Relation of Nonperfused Myocardial Volume and Surface Area to Left Ventricular Performance in Coronary Microembolization
Background— After occlusion of an epicardial artery, left ventricular (LV) dysfunction is closely related to the volume of nonperfused myocardium (NPM). The impact of coronary microembolization (ME) on LV function, however, is larger relative to the total volume of NPM. We hypothesized that the total surface area (SA), rather than the total volume, of NPM is the major determinant of ME-induced LV dysfunction.
Methods and Results— We injected microspheres of 10-, 30-, or 100-μm diameter at each of 3 doses selectively into the left anterior descending coronary artery of 48 anesthetized pigs. Electron beam computed tomography (CT) was used to measure regional myocardial perfusion and changes in LV wall thickening (ΔWT) and stroke volume (ΔSV) after ME. At postmortem, a transmural “biopsy” of 1 to 2 cm3 of embolized myocardium was imaged by micro-CT, resulting in 3D images that provided volumes and SAs of the individual nonperfused foci. Additionally, in 9 pigs, creatine phosphokinase (CK) activity in embolized myocardium was measured as an index of washout of substances from the NPM. After ME, ΔWT, ΔSV, and CK washout were correlated more closely with the total SA (r=0.95, P<0.001; r=0.68, P<0.01; and r=0.88, P=0.01, respectively) than with the total NPM volume (r=0.59, P>0.05; 0.46, P>0.05; and r=0.69, P=0.04, respectively).
Conclusion— After coronary ME, LV dysfunction is more closely related to the total SA than to the total volume of nonperfused microregions in the myocardium.
Received June 21, 2004; revision received June 21, 2004; accepted July 23, 2004.
Impairment of global left ventricular (LV) function due to occlusion of an epicardial artery is closely related to the size of the myocardial perfusion defect.1,2 The decrease in regional contractile function of the LV is linearly related to the decrease in transmyocardial blood flow.3,4 However, in coronary microembolization (ME), a different relation exists between regional myocardial blood flow, total infarct volume, and impairment of LV contractile function.5 The total volume of myocardium that is rendered ischemic after such ME is too small to solely explain the magnitude of LV contractile dysfunction and other adverse consequences of ME.6,7 Coronary ME, because of its frequent incidence after coronary interventions and the subsequent adverse outcomes in patients with ME, has recently been the focus of investigations.8–10 Inflammatory cytokines have been shown to depress myocardial function11; hence, it is likely that ME-induced generation of proinflammatory cytokines plays a role in myocardial contractile dysfunction after ME.12–14 It seems evident that such humoral agents can readily diffuse from the surface zone of small, ischemic volumes (ie, “microperfusion defects”) into nearby normal tissue, whereas this diffusion is decreasingly likely from tissue deeper within the individual ischemic volumes. Therefore, we hypothesized that in ME, the total surface area (SA) rather than the volume of embolized, nonperfused myocardium (NPM) predominantly determines regional and global LV dysfunction.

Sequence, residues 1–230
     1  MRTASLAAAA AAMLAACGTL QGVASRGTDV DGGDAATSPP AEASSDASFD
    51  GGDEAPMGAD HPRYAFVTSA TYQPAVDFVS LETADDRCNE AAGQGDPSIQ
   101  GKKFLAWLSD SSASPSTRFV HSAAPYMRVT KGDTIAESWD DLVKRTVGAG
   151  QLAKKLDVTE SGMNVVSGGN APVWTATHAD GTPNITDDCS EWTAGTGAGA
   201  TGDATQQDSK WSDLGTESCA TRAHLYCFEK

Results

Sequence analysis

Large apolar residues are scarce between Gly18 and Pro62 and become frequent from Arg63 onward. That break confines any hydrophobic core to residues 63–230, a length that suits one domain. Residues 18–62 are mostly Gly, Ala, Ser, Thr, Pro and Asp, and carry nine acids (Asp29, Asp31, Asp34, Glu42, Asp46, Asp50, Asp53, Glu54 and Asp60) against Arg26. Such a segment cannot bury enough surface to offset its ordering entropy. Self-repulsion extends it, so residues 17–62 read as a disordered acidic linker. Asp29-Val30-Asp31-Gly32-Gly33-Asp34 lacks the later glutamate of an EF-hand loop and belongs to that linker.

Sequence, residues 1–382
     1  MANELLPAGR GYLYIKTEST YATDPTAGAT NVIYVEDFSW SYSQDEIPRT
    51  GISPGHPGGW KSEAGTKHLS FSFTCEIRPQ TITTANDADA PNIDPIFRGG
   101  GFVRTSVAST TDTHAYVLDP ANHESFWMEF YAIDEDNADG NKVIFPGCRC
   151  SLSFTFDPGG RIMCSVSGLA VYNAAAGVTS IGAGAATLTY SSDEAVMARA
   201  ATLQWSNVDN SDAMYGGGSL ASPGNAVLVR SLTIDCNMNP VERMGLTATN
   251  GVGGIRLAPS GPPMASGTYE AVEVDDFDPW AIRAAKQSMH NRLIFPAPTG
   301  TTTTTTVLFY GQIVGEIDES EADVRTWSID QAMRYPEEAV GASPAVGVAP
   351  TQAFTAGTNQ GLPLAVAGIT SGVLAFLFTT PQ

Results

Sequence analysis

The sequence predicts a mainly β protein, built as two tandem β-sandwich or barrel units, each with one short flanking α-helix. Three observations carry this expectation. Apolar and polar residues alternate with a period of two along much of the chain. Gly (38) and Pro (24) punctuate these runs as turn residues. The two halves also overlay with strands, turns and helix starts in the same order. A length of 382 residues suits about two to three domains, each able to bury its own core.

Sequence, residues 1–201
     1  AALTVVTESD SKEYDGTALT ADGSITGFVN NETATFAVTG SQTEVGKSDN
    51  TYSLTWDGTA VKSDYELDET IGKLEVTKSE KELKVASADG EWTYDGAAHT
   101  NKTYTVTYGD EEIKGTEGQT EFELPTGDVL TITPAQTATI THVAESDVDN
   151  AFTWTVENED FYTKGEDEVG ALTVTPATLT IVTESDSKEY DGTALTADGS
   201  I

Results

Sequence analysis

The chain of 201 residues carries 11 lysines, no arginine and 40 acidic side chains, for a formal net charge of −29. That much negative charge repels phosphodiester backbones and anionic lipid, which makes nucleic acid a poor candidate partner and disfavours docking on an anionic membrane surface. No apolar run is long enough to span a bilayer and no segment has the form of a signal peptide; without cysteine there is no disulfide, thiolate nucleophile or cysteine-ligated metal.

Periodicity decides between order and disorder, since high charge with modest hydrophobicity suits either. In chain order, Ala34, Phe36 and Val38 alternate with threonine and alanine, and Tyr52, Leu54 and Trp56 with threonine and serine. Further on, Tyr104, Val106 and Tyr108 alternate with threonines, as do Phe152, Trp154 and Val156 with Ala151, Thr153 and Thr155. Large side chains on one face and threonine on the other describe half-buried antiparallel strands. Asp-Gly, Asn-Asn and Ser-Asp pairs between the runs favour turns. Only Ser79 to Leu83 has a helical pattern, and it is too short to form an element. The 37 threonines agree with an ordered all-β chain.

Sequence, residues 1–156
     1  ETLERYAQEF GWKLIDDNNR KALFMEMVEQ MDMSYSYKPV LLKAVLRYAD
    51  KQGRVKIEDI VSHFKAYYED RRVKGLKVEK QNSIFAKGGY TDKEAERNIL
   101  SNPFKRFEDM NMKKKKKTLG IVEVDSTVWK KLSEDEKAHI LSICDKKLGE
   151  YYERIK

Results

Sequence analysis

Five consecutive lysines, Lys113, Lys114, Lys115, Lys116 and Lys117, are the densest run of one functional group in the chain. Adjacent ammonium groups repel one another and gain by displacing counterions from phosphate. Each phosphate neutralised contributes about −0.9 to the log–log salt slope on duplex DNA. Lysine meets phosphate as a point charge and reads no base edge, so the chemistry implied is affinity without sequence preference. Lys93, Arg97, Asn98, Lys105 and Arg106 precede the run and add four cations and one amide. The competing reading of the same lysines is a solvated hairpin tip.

In the past, convenient tools were lacking to quantify the entities and determinants of ME, such as the number, individual volume, and SA of microinfarcts in a certain perfusion territory. In this study, we quantified in vivo ME-induced changes in regional myocardial perfusion and its impact on regional and global myocardial contractile function in a porcine model by way of LV wall dynamics (change in wall thickening; ΔWT%) and stroke volume (ΔSV) by using an electron beam computed tomography (EBCT) scanner. At postmortem, the total number of individual volumes and SAs of embolism-induced nonperfused microterritories were measured from 3D images of the embolized myocardium with a micro-CT scanner. Reduction of creatine phosphokinase (CK) activity in the embolized myocardium was measured as an index of washout of humoral substances released from myocytes in the NPM. If the ischemic myocytes and/or interstitial cells at the surface of each embolized microperfusion territory are the predominant site of origin of short-term release and diffusion of intracellular components from the ischemic into the surrounding nonischemic myocardium, then the decrease in CK activity in the embolized myocardium should be proportional to the total SA of the multiple microperfusion defects rather than to the total NPM volume.